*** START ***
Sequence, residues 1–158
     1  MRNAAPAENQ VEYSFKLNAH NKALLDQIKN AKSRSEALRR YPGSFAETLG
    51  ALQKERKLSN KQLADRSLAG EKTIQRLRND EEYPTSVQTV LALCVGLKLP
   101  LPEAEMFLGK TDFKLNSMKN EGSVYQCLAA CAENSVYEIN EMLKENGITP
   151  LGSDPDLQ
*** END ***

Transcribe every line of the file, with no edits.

Sequence, residues 1–158
     1  MRNAAPAENQ VEYSFKLNAH NKALLDQIKN AKSRSEALRR YPGSFAETLG
    51  ALQKERKLSN KQLADRSLAG EKTIQRLRND EEYPTSVQTV LALCVGLKLP
   101  LPEAEMFLGK TDFKLNSMKN EGSVYQCLAA CAENSVYEIN EMLKENGITP
   151  LGSDPDLQ